Tomorrow our Prime Minister will offer an apology to Canada’s First Nations people. We can only hope he doesn’t embarrass Canadians by qualifying, in an way, what was an egregious, even genocidal-type crime, against an entire people. Chuck Strahl, Minister of Indian and Northern Affairs, is saying that won’t happen. He says Stephen Harper will spare no detail.
(Above: Qu’Appelle, Saskatchewan Indian Industrial School, ca. 1885. Parents of Indian children had to camp outside the gates of the residential schools in order to visit their children.)
However, Rev. Kevin Annett is unimpressed with the apology, calling it a deception. Annett call’s what happened to Canada’s aboriginals, among other things, a “Canadian Holocaust.”
Far less clamorous is National Chief Phil Fontaine, who was himself a victim of physical and sexual abuse in the Fort Alexander Indian Residential School. Mr. Fontaine takes an optimistic view of the apology:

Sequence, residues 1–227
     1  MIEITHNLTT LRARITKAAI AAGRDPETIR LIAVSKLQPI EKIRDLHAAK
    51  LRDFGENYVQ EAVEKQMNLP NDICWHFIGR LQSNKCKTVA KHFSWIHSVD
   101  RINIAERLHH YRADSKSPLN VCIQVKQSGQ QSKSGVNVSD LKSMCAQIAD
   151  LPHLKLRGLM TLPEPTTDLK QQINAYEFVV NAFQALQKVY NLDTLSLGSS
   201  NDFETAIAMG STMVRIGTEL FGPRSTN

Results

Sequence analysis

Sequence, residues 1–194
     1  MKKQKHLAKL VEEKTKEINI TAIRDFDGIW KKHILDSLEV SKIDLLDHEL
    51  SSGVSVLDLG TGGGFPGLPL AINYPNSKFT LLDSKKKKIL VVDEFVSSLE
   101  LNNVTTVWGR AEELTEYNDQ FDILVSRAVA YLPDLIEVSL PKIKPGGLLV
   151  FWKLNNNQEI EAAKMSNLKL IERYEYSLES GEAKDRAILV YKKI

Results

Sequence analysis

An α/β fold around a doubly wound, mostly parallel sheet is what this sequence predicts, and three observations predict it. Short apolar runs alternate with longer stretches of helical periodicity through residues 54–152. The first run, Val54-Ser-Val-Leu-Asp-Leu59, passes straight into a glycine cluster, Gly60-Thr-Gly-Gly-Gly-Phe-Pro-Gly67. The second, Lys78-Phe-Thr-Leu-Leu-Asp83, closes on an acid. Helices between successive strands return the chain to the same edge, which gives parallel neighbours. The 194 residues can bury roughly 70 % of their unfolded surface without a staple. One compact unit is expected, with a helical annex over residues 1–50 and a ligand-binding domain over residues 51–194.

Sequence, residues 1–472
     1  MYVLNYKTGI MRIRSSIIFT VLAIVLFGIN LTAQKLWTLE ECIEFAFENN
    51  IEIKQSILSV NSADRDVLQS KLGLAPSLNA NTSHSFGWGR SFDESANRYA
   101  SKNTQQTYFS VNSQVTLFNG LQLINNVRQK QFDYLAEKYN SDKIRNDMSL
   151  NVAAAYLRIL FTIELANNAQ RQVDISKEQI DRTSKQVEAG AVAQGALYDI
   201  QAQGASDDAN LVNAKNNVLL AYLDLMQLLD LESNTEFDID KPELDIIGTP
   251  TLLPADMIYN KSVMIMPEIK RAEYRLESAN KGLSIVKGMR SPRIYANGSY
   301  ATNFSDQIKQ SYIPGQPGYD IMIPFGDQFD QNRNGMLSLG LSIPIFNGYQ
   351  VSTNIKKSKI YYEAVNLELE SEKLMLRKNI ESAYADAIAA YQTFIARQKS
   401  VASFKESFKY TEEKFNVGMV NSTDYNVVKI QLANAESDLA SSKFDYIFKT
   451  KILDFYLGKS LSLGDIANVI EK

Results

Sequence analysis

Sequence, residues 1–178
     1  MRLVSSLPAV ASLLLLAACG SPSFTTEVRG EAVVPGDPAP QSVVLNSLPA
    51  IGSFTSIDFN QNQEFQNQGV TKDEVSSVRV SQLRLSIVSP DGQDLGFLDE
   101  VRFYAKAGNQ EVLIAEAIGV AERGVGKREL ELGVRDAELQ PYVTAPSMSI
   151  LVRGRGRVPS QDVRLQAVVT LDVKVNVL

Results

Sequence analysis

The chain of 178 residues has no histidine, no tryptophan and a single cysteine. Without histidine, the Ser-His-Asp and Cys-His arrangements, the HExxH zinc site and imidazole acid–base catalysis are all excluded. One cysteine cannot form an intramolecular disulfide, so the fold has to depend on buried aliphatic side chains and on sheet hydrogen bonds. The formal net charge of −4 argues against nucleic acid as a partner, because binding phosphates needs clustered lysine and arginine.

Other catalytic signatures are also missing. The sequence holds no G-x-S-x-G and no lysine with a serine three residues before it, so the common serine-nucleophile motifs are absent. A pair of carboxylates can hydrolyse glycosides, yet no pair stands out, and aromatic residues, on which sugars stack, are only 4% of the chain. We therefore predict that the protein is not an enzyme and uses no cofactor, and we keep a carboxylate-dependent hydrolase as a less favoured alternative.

“Canada is now coming to terms with its dark past, a past that’s been covered up and hidden from its own citizens.”
“For first nations, it will restore our dignity because it will say we were unjustly wronged as a people over generations simply because of who we were.”
“The apology will affirm that we are as good as anyone.” (Globe&Mail)
I do appreciate Mr. Fontaine”s view and yet his words (and the context it brings to mind) strike me as infinitely sad.
I would encourage everyone to tune in to CBC or CPAC tomorrow afternoon at 3PM (EST) to hear the apology and be reminded of our collective past–be reminded, in fact, of our culpability. I pray that in some small way this process can cultivate dignity and perpetuate healing and grow mercy.